texasmonthly.com: What was the most challenging and/or difficult aspect of writing this story?
S. C. Gwynne: Getting through the amazing wall of lies, half-truths, deep political bias, and skewed facts that have characterized the media’s reporting on Charles Hurwitz for the past twenty years.
texasmonthly.com: During the height of the Hurwitz coverage, you commissioned a negative piece about him as editor of a California magazine; now you’ve written the piece that clears his name of wrongdoing. How does something like this change the way you approach a story?
SG: As editor-in-chief of California Business magazine, where the story ran, I was not in a position to understand the intimate facts of the story, as I would have been as a reporter. I must say though, that as a reporter in 1987 I would have been sorely tempted to follow the environmentalists’ line. At the time, the major media, the U.S. Congress, and the California Legislature were all portraying Hurwitz exactly the same way, so there was no obvious reason to believe that our story was wrong. The lesson is: Don’t follow the media pack. Taken collectively, we are a sheeplike bunch, easily led, and we have always been easy prey for the environmental lobby. Like most reasonable people, I have nothing against environmentalism. Environmentalists have accomplished wonderful things. But truth is truth.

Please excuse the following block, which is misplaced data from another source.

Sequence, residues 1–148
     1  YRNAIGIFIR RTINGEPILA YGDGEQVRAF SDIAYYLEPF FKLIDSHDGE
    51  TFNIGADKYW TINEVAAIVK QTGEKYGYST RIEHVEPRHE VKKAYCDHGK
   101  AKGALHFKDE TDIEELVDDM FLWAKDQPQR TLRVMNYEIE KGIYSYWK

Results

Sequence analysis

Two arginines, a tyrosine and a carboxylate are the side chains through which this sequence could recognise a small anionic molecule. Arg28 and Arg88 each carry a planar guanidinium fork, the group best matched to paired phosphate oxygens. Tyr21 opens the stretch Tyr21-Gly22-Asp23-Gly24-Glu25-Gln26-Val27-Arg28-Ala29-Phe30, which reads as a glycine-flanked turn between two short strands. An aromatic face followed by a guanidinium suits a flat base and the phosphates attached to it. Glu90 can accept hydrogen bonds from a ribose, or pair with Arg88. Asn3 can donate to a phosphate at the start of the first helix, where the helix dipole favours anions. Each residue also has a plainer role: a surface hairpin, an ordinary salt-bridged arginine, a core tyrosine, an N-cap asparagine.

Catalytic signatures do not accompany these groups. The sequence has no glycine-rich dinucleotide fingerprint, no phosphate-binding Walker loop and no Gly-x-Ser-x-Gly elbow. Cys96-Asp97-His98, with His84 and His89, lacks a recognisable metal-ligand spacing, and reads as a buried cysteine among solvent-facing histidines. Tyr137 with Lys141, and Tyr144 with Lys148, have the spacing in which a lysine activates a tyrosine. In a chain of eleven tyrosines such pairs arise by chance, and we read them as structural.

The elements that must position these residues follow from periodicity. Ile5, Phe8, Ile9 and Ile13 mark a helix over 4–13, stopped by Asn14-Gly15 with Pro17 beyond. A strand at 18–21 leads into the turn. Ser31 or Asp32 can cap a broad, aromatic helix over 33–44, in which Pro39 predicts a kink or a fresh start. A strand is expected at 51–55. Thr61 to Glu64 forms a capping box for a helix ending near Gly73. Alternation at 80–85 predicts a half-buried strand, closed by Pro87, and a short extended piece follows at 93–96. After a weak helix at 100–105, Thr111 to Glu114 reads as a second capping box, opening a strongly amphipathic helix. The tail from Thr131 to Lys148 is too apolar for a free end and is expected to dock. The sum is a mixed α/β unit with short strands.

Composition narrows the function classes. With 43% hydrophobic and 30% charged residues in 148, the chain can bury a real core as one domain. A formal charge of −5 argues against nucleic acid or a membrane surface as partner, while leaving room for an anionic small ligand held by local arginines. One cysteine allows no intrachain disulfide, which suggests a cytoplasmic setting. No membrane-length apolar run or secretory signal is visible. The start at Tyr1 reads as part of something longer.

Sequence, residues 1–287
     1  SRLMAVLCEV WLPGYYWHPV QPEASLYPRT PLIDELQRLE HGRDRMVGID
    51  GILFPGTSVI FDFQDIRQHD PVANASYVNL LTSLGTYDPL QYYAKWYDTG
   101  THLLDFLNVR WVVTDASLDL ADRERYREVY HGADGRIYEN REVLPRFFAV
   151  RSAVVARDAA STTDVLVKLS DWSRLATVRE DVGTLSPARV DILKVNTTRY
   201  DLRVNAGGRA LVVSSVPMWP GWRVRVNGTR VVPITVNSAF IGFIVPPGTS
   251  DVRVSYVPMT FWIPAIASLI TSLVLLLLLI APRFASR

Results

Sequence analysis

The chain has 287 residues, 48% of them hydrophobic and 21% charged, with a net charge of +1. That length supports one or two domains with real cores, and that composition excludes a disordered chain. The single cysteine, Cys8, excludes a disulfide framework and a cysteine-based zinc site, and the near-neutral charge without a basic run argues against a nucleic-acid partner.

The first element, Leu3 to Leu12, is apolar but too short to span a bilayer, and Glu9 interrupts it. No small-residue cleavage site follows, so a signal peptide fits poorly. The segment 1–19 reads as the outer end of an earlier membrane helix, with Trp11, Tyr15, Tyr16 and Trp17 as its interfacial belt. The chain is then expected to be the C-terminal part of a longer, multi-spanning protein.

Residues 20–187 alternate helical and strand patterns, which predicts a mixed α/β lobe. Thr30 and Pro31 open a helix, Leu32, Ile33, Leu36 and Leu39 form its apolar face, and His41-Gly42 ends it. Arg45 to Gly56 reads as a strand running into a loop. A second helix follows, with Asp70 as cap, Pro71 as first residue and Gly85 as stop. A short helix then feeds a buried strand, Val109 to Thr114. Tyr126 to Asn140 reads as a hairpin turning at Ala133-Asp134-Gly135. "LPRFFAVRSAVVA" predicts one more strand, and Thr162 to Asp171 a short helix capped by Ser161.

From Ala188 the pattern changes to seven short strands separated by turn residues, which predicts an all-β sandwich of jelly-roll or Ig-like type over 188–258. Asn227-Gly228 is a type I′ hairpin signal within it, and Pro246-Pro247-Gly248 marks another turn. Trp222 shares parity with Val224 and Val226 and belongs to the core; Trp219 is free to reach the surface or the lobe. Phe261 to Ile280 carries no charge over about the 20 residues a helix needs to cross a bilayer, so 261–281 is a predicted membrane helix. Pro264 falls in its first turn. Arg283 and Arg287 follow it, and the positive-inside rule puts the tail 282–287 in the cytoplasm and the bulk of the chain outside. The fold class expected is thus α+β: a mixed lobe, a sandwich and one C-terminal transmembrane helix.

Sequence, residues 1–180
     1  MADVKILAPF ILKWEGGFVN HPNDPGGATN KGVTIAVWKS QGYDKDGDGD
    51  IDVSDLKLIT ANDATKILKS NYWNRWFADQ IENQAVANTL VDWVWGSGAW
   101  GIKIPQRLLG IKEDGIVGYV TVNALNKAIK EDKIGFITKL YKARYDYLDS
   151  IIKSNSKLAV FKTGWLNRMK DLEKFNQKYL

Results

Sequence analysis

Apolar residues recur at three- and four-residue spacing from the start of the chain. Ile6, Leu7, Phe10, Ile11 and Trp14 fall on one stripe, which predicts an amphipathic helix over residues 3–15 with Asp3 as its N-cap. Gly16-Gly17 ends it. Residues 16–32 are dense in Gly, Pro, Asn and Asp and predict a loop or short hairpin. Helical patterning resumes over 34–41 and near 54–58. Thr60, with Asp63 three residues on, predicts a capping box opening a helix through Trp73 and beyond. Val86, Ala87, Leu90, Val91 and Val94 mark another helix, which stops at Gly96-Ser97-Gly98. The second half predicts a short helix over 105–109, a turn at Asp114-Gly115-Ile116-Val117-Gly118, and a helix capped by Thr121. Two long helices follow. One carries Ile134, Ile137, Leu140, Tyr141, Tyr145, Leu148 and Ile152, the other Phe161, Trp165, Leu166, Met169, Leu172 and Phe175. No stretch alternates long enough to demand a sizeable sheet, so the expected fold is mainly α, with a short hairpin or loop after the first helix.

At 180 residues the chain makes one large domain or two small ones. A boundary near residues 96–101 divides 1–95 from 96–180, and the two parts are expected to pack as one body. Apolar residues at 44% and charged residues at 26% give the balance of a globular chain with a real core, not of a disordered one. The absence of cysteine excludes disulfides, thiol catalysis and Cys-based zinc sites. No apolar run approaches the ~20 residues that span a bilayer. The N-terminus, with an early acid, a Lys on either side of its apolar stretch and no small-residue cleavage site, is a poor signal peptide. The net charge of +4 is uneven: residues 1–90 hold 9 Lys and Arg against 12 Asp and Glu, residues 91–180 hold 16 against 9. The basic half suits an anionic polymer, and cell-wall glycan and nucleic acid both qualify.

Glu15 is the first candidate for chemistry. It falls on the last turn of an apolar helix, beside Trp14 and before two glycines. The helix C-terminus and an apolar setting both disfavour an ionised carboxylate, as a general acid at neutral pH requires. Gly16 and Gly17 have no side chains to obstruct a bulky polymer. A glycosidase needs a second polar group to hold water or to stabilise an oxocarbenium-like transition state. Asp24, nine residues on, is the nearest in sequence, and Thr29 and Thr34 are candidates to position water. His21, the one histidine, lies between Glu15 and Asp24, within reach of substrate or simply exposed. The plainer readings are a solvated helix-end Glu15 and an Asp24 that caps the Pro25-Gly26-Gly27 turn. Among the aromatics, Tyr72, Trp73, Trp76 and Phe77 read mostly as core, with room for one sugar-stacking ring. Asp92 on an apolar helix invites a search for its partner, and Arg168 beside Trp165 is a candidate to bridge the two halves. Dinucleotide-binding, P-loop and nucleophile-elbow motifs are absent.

texasmonthly.com: What do you believe journalists who were covering Hurwitz and the FDIC during the time of the trials should have done differently?
SG: They should not have bought the line being delivered by the environmentalists, who had very large and very biased agendas, as do all special-interest groups. There’s nothing wrong with having large and biased agendas. The error is when reporters believe them without checking them.
texasmonthly.com: What do you want your readers to take away from this story?
SG: The awesome power of the federal government to violate the rights of individual citizens. They do this all the time. Think J. Edgar Hoover. Think Wen Ho Lee. Think Whitewater. This is just one very good example of it.
texasmonthly.com: What surprised you the most while you were working on this piece?
SG: An LA Times story from January 2006—after all of the court verdicts were in—comparing Hurwitz with Jack Abramoff [a former lobbyist who pled guilty to felony counts, including defrauding Native American tribes]. It was a remarkable piece of disinformation, typical of what has long been done to Hurwitz. You could write a thesis on that story alone (and someone should). It is symptomatic of what is wrong with American journalism, particularly the faux-investigative kind.
texasmonthly.com: What kind of reporting was involved in this story? You said that Hurwitz typically avoided the press. How did you get him to cooperate with you?
SG: I take no credit for it. The main reason we got access is because Hurwitz decided he would have the best chance of fair coverage with Texas Monthly. We will see if he still thinks that after he has read the story.